The capital budget should be, and usually is, a pretty straightforward budget that allows us to invest in our state’s future by improving any nontransportation infrastructure — affordable housing, public buildings, parks and recreation, cultural venues, clean and adequate water, etc. — while creating thousands of family-wage jobs, lowering our carbon footprint, and protecting our communities from floods, forest fires, and storm water runoff, etc. The great thing about the capital budget is that there are deserving projects in every county and legislative district in the state.

But while it is in the best interest of our state to pass robust transportation and capital budgets, it is critical to first pass a robust and meaningful operating budget. The operating budget is the budget that frames how state government interacts with the private economy. The operating budget is a moral document — it backs up the values we hold dear with the financing to make a difference and the commitment we have to Washington’s future.

It is clear to us that we need more revenue to adequately fund an operating budget that takes care of our state’s needs and the workers who provide these essential services. There are a number of revenue options on the table — capital gains, B&O tax reform, closing tax loopholes, and a carbon fee — to name just a few. It is our hope that the budget negotiators can put aside ideological differences during the coming post sine die period and honestly address our state’s shortage of revenue. As a state we have limped along for the past three biennia, not meeting the needs of our people or of a growing economy.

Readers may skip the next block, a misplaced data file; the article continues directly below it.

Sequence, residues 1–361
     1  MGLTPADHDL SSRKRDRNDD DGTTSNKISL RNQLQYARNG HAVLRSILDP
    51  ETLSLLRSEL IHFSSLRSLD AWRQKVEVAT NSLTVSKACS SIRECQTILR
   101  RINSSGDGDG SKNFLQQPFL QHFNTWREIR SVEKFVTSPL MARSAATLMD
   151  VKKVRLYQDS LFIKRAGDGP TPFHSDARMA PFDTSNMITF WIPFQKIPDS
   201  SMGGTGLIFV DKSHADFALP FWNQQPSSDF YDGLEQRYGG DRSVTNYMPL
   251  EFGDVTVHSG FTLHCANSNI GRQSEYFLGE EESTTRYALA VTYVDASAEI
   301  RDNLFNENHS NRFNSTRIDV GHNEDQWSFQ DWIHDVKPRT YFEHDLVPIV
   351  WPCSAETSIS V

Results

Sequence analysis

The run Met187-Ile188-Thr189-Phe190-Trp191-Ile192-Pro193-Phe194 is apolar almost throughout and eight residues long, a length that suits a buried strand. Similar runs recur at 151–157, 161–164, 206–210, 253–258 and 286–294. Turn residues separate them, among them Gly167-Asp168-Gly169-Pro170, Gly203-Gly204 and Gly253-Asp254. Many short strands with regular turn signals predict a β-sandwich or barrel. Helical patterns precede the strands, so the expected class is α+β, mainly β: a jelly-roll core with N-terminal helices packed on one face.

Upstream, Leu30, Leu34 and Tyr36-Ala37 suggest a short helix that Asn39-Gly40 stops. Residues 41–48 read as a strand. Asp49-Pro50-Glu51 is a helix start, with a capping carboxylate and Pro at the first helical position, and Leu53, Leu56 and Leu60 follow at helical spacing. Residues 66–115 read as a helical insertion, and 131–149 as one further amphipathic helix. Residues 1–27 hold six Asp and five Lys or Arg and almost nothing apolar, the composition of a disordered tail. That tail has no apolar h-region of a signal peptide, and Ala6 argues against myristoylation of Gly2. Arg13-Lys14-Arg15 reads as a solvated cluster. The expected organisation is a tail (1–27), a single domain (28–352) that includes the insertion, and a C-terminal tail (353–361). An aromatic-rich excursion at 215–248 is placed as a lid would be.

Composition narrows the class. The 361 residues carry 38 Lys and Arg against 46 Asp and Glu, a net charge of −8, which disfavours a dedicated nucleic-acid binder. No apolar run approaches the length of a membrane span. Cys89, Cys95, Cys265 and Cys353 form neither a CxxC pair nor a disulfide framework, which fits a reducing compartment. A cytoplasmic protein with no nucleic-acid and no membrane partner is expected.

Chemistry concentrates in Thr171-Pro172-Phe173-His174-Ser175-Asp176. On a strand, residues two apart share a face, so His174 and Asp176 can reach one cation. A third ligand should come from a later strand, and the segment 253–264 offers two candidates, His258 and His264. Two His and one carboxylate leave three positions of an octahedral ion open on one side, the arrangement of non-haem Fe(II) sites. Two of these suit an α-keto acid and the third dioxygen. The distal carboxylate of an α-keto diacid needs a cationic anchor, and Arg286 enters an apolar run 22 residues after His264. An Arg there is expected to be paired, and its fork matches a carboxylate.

It is time to make the investments in people and the economy that have been on hold.

Either the Legislature can make these decisions or I guess we can look towards the Supreme Court. One place or another ,the people of Washington State will get justice.